He goes on to say that we need to remember when and where Jesus made these statements. He didn't make them while sitting on a throne or at the height of His ministry. He didn't make them when everything was easy. Jesus spoke these words on the eve of His crucifixion.

Jesus knew what was coming, but He also knew what was coming for all who would believe in Him. He knew there would be times of trouble that would shake us to our core. So, how does Jesus claiming to be the way, the truth, and the life, provide us comfort? We have access to the Father through Him. Through Jesus we can take all our sorrow, pain, grief, questions, issues, frustrations, and uncertainties into the presence of the God who spoke the universe into existence.

In John 1:18, Jesus said, "No one has ever seen God; the only God, who is at the Father's side, he has made him known."

To know Jesus is to know the Father. He is the only One who can reveal the Father to us. This comment prompts Philip to ask in verse 8, "Lord, show us the Father, and it is enough for us."

None of the disciples understood that God was sitting right in front of them.

Verse 9 seems to be a gentle rebuke. "Have I been with you so long, and you still do not know me, Philip? Whoever has seen me has seen the Father. How can you say, 'Show us the Father'?"

It's so simple and straightforward, and that's what makes it powerful. If you've seen Jesus, you've seen God.

That's why Jesus continues in verses 10-11: "Do you not believe that I am in the Father and the Father is in me? The words that I say to you I do not speak on my own authority, but the Father who dwells in me does his works. Believe me that I am in the Father and the Father is in me, or else believe on account of the works themselves."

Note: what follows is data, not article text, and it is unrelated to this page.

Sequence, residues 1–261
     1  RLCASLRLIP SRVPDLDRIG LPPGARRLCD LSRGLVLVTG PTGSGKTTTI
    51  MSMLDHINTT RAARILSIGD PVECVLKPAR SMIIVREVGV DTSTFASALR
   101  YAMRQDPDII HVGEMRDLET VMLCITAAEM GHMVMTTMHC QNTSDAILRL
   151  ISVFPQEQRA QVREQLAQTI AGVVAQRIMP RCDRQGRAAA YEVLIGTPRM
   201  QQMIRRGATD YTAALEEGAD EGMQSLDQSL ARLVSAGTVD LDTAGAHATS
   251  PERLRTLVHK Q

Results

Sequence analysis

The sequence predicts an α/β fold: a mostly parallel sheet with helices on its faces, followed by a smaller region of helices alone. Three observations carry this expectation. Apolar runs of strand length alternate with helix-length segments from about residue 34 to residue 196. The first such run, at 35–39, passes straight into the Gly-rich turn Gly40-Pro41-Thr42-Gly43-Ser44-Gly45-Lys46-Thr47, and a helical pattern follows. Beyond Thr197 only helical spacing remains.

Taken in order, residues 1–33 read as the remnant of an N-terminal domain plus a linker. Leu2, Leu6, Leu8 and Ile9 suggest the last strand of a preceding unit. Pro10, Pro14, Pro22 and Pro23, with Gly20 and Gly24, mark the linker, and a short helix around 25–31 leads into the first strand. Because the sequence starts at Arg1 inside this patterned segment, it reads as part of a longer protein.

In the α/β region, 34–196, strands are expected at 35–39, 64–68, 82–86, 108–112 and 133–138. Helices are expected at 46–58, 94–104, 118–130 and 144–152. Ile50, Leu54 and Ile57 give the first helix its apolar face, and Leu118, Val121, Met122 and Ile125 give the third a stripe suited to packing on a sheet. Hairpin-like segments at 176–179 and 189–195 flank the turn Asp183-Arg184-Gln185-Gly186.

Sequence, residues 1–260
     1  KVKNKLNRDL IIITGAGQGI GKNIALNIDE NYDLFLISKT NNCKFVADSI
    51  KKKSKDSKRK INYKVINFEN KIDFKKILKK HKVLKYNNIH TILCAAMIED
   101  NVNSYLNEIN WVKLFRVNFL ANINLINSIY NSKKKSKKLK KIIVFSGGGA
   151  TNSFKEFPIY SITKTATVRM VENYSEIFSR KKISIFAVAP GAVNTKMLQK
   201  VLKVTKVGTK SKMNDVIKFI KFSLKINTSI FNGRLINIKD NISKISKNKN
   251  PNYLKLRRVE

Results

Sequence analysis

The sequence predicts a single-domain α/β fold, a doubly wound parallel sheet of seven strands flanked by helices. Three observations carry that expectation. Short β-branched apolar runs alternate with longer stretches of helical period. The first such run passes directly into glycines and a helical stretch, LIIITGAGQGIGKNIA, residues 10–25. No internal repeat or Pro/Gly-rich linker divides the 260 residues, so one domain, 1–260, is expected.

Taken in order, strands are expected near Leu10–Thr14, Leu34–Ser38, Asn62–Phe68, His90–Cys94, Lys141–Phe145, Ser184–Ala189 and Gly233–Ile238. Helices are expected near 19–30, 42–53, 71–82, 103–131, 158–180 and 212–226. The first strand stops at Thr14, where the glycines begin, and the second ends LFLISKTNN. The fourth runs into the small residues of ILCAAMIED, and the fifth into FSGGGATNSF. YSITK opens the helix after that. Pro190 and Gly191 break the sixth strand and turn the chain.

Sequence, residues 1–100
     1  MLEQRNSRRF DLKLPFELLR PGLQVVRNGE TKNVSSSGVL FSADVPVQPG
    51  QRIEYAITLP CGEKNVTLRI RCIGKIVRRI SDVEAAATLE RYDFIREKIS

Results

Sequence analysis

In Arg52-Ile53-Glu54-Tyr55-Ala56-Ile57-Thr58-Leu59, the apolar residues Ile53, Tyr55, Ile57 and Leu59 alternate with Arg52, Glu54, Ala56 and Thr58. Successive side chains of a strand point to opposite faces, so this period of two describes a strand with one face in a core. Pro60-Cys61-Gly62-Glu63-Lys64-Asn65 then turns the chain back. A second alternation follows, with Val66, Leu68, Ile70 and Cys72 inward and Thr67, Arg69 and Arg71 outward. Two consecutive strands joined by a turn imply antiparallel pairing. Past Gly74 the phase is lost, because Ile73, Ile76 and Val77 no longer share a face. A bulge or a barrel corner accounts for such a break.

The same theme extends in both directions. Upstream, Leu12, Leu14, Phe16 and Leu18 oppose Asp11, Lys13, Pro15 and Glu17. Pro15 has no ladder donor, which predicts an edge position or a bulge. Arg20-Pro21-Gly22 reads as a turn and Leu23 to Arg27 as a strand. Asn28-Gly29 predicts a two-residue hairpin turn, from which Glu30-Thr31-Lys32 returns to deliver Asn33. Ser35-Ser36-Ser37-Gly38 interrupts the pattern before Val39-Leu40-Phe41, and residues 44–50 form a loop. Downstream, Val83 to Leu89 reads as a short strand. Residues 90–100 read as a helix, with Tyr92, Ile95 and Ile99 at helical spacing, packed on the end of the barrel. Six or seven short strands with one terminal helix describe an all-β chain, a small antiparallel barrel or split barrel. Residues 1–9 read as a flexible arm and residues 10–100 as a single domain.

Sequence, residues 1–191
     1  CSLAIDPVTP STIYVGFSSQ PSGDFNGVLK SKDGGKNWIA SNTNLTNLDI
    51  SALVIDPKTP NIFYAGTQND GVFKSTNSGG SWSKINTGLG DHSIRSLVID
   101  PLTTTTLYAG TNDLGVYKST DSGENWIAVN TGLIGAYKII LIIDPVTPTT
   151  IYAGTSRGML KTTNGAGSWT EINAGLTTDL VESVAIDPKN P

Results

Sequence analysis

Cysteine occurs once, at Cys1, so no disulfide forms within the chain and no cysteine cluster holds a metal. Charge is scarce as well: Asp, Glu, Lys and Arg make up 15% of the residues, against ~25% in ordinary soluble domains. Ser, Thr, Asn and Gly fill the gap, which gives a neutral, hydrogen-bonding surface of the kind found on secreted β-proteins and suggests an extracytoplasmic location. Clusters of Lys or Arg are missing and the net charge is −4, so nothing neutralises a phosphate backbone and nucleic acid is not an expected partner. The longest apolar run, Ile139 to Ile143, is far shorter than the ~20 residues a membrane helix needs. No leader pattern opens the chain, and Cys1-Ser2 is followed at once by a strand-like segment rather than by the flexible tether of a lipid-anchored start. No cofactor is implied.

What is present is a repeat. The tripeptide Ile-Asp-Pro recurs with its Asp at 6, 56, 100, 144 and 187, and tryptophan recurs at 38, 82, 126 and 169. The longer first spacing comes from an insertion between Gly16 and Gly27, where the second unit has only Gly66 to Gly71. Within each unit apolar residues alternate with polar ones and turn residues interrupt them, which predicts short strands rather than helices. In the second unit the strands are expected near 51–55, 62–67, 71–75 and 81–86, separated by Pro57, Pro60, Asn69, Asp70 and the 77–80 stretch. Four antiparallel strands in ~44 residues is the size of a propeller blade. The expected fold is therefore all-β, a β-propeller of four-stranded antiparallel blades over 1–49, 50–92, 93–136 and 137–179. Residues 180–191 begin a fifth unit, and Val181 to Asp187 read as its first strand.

This brings us back full circle to verse 1. To believe in Jesus is to believe in the Father because the two are inseparable. To know Jesus is to know God. He calls His disciples to examine His teaching and His lifestyle in order to believe that seeing Him is the same as seeing the Father.

Even today, we struggle to grasp this truth. But if we don't look at Christ and see the glory of God, then we haven't truly seen Christ. If we want to know what God is like, we are to look into the face of Jesus Christ. If we look deeply into His words and His works, we'll see the Father.

Notice that Jesus challenges us in verse 11 to "believe Me that …"

Jesus is challenging us to believe that He deserves equal faith with God, that He's the only way to God, that He's the revealer of God, and that He's one with the Father.

If we struggle to believe His words, we can believe His works. Believing in the person of Christ will comfort our troubled heart because He is God in flesh.

Jesus's promises in verses 2 and 3 give us hope in times of trouble. "In my Father's house are many rooms. If it were not so, would I have told you that I go to prepare a place for you? And if I go and prepare a place for you, I will come again and will take you to myself, that where I am you may be also."

[1] Cited by David Calhoun, in Heaven [Crossway], ed. by Christopher Morgan and Robert Peterson, worldmag.com/2014/11/the_hope_of_heaven.
[2] Expositions of Holy Scripture [Baker], on John 14:1, p. 257
[3] Leon Morris, The Gospel According to John [Eerdmans], p. 641